PRESIDENT BUSH WENT TO BED at the normal time, roughly 10p.m., on the night the House of Representatives voted on the Central American Free Trade Agreement. But he was awakened by White House staffers to talk to wavering Republicans on the House floor. A cell phone with the president on the line was passed by Bush's chief congressional lobbyist, Candida Wolff, from congressman to congressman. Then Bush watched the vote count on C-SPAN before giving up. The total for CAFTA looked to be stuck at 214, not enough for passage. He went back to bed, only to be called a few moments later by Karl Rove, his political adviser and deputy chief of staff. Three Republicans--Robin Hays of North Carolina, Steve LaTourette of Ohio, Mike Fitzpatrick of Pennsylvania--had simultaneously voted for the treaty and it had won. Relieved, Bush went back to bed again. It was after midnight.
Bush worked harder for CAFTA--and stayed up later--than he had for the vote in 2003 on his Medicare prescription drug benefit. The White House, indeed Bush's entire administration, was mobilized for this vote. For days, Bush met with House members individually and in small groups. He traveled to Capitol Hill to address the House Republican conference on the morning of the vote, speaking passionately for nearly 45 minutes with no notes, then answering a dozen questions. Rove was deeply involved, too, making calls and office visits and having lunch with one House member whose vote was critical.
Why the extraordinary effort? It wasn't because the treaty with Honduras, Guatemala, Nicaragua, El Salvador, Costa Rica, and the Dominican Republic was so important to the American economy. Exports from the United States to the six countries total about $15 billion a year. That's roughly the buying power of the greater Sacramento metropolitan area. True, the treaty does integrate the six economies more tightly with our own. And it has symbolic value: the big guy to the north embracing his little brothers to the south.
But more important to Bush than its economics or symbolism is CAFTA's national security value. Fidel Castro and his acolyte, President Hugo Chávez of Venezuela, are desperately trying to undermine the democratically elected and mostly pro-American governments of Central America. They would like to see the Marxist Sandinistas regain power in Nicaragua, for instance, and Chávez is pumping money from his country's oil wealth into that project, among others. (He also provides cut-rate oil wealth to Castro's Cuba.) Both Bush and the democratic leaders in Central America believe CAFTA will bolster their economies and strengthen them against leftist radicals of the Castro/Chávez ilk. Thus, in his address to House Republicans, the president devoted much of his speech to this issue.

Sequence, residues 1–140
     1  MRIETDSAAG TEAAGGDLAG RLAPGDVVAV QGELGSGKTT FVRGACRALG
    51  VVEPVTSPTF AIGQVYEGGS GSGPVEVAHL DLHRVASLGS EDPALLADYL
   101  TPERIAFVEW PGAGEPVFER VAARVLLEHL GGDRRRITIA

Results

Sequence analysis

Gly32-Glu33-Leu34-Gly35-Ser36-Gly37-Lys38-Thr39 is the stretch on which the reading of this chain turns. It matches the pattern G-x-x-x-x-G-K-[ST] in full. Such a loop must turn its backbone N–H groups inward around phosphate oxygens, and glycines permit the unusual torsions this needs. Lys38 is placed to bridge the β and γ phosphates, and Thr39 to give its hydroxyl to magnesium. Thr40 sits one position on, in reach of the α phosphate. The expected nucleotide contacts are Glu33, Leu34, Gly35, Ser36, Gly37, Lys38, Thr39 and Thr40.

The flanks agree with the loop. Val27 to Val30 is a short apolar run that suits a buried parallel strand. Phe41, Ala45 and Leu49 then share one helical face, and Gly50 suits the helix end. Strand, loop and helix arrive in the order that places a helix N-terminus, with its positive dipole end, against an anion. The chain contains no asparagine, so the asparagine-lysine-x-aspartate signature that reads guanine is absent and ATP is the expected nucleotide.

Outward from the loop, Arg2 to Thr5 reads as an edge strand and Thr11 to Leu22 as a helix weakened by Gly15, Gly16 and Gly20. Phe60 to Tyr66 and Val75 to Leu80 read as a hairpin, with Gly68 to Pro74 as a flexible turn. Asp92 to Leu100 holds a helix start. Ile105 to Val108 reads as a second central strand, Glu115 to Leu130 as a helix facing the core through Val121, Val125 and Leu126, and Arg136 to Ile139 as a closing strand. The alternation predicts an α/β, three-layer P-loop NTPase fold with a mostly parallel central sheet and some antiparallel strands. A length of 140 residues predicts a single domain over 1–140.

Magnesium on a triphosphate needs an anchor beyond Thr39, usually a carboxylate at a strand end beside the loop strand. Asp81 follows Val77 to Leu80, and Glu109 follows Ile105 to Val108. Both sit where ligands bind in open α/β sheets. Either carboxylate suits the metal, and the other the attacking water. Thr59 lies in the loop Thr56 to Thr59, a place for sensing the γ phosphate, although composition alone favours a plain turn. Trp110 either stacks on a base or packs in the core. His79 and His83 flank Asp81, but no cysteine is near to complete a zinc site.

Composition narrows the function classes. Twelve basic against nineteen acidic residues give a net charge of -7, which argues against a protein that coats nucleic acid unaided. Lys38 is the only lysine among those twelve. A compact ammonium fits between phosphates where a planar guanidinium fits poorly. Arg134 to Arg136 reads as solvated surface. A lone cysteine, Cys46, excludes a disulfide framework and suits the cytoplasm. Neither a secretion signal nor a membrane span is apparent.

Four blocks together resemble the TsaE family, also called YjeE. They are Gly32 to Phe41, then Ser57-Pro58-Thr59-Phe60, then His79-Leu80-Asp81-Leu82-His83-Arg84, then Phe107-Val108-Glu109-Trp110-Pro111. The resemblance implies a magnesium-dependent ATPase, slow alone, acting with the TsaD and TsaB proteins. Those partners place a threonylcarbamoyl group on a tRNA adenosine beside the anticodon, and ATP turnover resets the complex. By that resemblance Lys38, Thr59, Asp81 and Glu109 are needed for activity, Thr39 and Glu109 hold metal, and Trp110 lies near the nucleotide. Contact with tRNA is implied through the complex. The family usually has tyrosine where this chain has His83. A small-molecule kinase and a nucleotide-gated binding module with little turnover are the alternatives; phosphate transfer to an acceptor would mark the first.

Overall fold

A second reason for Bush's enthusiasm for CAFTA is his trade agenda. Presidents have usually gotten their way when they've pushed for more open trade, but after a half century, the free trade consensus on Capitol Hill has collapsed. Meanwhile, countries all over the world--in the Middle East especially--are clamoring to negotiate free trade treaties with the United States. If CAFTA had failed, Bush's entire trade agenda would have been off the table for the remainder of his second term. Instead, it lives. Why does that matter? To qualify for a trade agreement with the United States, countries must adopt the practices of democratic capitalism, which means a treaty might achieve what it took a war to accomplish in Iraq. In the past, trade treaties sailed through the Senate, but CAFTA was ratified only 54-45--and that masks how difficult it was for Republicans to put together a mere majority. The House has traditionally looked even less favorably on free trade.
There's a third reason CAFTA was so important to Bush. It's exactly what you'd think: politics. After seeing the prospects for enacting Social Security reform fade, Bush needed a victory. Or at least he had to stave off a Democratic win. For the first time in the post-World War II era, the leaders of a party made it their policy to defeat a free trade agreement. Democrats offered a series of unconvincing explanations for their opposition, but their transparent motive was to deal a serious blow to Bush. Had they succeeded, House minority leader Nancy Pelosi would be gloating on national TV about the demise of the Bush presidency. And it would be true. Instead, Bush is revived and ready to take another shot at overhauling Social Security, plus take up tax reform.
Two Republican leaders played significant roles in passing CAFTA. Bill Thomas, chairman of the House Ways and Means Committee, is an ardent free trader and a genius at drafting legislation that only he understands fully. Thomas is also pragmatic. He allowed a vote on a bill requiring the monitoring of China's trade practices to come before CAFTA. It passed, dissipating some of the anxiety over China. The other Republican who mattered was whip Roy Blunt. He promised all year that he could produce enough votes to ratify CAFTA, and he finally persuaded the White House. Better yet, he delivered.
For all the media chatter about Bush as a diminished force in Washington, he and congressional Republicans have put together a string of impressive victories with more to come. With John Roberts as his nominee, the president is on his way to transforming the Supreme Court into the conservative body that Republicans have dreamed about for decades. Meanwhile, the economy is so robust that Democrats rarely mention it. Is Bush a lame duck? He sure is. He may be the most energized and successful lame duck in the history of the modern presidency.
Fred Barnes is executive editor of The Weekly Standard.